Biodiv Sci ›› 2018, Vol. 26 ›› Issue (7): 766-774.  DOI: 10.17520/biods.2018020

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Biodiversity and ecosystem services: Towards ecological security in tropical and subtropical East Asia

Richard Corlett*()   

  1. Center for Integrative Conservation, Xishuangbanna Tropical Botanical Garden, Chinese Academy of Sciences, Mengla, Yunnan 666303
  • Received:2018-01-21 Accepted:2018-05-08 Online:2018-07-20 Published:2018-09-11
  • Contact: Corlett Richard
  • About author:# Co-first authors


Tropical and subtropical East Asia supports around 15-25% of global terrestrial biodiversity. This is now threatened in many areas by rapid economic development. Achieving development that is compatible with biodiversity conservation requires that the benefits of nature to people, to society, and to the economy are understood and correctly valued. These benefits are known as ecosystem services and have been classified in various ways. Most ecosystem services depend on wild species and ecosystems for their production, although there is often no simple relationship between their quality and quantity and the diversity of wild species. There have been many assessments of ecosystem services at the national scale, but these are necessarily very simplified, usually focusing on a few, easily quantified, services. As a result, they often fail to include the services which are of most importance to local people and can therefore lead to incorrect policy decisions. Ecosystem services are derived from natural capital, which is the total stock of natural resources, so if this capital is depleted the services it can produce decline. Ecological security is achieved by preserving or restoring the critical natural capital needed to maintain vital ecosystem services in the region. Although there have been recent improvements in some ecosystem services in China, the overall trends in most services in tropical and subtropical East Asia are negative. Achieving regional ecological security in a human-dominated world will require action at the global, regional, national, and local levels.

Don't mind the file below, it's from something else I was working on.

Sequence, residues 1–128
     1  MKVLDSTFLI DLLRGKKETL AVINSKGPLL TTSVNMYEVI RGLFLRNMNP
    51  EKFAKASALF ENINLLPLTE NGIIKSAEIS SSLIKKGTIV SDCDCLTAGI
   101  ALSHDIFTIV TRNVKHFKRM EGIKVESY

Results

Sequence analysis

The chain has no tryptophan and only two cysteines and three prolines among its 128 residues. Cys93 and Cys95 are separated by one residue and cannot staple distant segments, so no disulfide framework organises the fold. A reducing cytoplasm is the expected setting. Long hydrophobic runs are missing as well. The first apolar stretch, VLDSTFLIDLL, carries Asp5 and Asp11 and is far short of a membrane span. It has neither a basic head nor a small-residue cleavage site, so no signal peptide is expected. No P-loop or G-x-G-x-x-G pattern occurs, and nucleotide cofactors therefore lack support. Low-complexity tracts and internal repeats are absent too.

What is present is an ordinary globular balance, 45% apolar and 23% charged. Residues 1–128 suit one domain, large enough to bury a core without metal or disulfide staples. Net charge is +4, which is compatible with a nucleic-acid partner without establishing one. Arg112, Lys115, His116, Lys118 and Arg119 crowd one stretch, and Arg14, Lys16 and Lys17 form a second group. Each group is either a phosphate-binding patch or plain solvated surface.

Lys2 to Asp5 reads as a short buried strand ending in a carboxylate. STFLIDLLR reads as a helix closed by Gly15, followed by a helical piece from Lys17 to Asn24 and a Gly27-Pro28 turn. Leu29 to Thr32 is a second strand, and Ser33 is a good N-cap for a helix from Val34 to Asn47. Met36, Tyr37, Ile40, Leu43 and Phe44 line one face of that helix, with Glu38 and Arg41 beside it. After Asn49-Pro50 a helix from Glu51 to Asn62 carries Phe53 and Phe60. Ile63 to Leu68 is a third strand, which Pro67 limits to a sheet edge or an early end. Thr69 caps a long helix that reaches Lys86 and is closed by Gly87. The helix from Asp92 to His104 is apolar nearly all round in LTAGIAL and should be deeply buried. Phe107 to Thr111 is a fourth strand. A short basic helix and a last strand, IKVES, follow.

Key words: biodiversity, ecosystem services, natural capital, ecological security, ecological civilization